• Plotly (Python): Plotly is known for its interactive and web-based visualizations. It is perfect for creating dynamic dashboards and presentations with zooming, panning, and hovering capabilities. However, the learning curve can be steep for beginners.
  • Ggplot2 (R): An elegant R package for data visualization that implements the grammar of graphics. It offers high-quality and versatile charting options for creating customized and publication-quality plots.
  • Tableau: A powerful data visualization tool that offers intuitive drag-and-drop functionality for creating interactive dashboards and reports. Tableau is widely used in the industry for its ease of use and robust features.
  • Power BI: Power BI is Microsoft’s business analytics tool for visualizing and sharing data insights. It seamlessly integrates with Microsoft products and services, providing extensive capabilities for data analysis and visualization.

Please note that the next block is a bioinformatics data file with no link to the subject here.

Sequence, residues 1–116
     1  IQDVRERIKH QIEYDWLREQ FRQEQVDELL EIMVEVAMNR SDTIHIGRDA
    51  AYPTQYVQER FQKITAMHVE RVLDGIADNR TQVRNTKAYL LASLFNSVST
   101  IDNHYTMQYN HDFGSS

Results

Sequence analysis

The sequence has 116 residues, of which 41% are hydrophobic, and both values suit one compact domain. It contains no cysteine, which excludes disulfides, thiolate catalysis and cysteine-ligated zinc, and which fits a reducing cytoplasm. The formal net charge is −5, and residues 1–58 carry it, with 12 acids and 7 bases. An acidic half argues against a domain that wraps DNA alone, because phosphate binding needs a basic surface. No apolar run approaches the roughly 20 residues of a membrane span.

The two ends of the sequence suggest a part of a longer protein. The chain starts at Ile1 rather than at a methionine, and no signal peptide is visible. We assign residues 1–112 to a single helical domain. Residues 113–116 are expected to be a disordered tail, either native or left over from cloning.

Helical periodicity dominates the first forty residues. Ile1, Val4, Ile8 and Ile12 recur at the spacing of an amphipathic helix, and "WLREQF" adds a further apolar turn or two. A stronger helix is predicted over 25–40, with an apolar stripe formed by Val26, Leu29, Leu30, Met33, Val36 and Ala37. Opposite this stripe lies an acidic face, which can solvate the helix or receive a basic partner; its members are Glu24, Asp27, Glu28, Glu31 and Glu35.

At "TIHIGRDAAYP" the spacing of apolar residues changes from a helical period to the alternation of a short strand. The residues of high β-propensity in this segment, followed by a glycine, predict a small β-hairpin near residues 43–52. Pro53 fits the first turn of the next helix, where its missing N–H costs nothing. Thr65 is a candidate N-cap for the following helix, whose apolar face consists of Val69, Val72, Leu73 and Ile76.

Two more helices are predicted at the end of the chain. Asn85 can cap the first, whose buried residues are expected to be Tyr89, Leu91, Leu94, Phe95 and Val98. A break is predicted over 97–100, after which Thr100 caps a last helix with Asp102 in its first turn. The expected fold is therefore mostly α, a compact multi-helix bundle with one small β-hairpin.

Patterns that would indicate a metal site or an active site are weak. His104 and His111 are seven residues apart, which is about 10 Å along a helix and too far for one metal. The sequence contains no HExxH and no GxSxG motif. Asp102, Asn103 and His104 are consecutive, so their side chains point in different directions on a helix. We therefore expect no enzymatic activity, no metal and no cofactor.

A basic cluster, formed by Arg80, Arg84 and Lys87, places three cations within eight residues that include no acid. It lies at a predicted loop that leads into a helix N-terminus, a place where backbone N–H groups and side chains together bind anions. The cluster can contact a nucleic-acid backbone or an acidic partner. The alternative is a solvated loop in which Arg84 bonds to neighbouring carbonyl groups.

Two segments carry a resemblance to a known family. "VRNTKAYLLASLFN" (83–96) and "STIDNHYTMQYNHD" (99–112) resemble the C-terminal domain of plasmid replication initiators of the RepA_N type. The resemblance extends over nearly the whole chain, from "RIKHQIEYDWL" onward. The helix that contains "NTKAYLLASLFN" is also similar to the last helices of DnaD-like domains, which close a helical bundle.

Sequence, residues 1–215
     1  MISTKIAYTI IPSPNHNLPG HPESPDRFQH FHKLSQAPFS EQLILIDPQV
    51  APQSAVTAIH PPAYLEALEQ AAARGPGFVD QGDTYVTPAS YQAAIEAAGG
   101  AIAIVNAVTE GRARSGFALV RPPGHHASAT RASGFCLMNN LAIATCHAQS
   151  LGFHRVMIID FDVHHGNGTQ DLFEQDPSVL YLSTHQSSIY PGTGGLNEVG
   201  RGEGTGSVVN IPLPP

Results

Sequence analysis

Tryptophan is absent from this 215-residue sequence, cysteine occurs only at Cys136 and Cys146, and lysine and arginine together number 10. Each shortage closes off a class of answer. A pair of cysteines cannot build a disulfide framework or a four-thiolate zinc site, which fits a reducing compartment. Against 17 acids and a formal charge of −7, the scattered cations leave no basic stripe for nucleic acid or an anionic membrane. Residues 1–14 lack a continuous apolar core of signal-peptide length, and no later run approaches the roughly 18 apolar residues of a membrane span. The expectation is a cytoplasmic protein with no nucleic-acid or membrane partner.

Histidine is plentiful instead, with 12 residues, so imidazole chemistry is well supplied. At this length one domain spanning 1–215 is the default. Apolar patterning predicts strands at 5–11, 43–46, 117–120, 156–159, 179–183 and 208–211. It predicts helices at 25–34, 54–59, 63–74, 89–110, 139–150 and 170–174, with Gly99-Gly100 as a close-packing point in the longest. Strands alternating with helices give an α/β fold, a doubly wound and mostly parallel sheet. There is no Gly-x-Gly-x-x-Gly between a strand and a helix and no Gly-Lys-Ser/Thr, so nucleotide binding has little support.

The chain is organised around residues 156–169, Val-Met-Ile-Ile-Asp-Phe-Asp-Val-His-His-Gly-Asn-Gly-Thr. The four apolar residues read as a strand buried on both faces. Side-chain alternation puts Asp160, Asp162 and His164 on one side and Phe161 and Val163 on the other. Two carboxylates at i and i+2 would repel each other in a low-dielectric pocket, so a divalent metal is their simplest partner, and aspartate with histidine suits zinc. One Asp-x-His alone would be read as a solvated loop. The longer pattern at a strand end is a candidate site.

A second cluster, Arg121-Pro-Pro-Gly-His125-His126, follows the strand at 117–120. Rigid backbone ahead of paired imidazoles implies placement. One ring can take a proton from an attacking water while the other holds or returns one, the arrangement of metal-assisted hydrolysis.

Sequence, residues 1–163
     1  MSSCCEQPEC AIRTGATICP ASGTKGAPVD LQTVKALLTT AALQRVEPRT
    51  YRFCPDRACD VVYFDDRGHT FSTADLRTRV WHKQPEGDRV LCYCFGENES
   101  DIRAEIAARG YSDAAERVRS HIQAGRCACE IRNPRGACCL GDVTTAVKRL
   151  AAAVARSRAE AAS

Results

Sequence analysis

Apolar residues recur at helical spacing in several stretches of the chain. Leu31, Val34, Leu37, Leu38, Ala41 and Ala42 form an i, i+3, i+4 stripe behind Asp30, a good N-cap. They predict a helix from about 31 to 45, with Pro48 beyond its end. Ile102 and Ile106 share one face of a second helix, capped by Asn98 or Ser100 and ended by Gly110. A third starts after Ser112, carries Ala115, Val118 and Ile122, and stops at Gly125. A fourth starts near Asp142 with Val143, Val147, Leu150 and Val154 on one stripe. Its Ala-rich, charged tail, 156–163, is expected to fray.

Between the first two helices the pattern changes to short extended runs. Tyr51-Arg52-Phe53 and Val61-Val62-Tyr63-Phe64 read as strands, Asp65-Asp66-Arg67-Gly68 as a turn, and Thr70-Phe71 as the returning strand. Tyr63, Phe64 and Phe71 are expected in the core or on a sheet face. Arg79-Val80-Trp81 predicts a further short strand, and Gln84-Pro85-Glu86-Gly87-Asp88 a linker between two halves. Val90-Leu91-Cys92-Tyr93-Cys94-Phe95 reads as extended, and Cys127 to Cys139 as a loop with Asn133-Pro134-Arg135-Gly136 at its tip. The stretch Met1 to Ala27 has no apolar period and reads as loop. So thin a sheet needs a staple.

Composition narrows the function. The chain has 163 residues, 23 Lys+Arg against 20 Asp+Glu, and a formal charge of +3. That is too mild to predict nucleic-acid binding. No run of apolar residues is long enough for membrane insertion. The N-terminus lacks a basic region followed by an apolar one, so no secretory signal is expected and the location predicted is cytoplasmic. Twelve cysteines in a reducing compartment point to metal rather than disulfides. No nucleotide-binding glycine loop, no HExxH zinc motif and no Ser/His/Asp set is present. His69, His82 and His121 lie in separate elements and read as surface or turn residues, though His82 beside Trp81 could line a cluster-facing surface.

Top Charting Don’ts for Better Data Visualization

“The simple graph has brought more information to the data analyst’s mind than any other device.” — John Tukey

With that said, it is important to remember that not all data visuals are created equal. To help ensure that your visualizations are effective and easy to understand, here are some top charting don’ts to keep in mind.

  • Don’t add 3D or blow-apart effects to your visuals. They just make things harder to understand. Stick to simple, flat designs for clarity.
  • Don’t overwhelm your visualizations with excessive colors. Stick to universal color categories and use them only to distinguish different categories or to convey essential information within the dataset. Especially, avoid using rainbow palettes, which can make visuals messy and difficult to follow.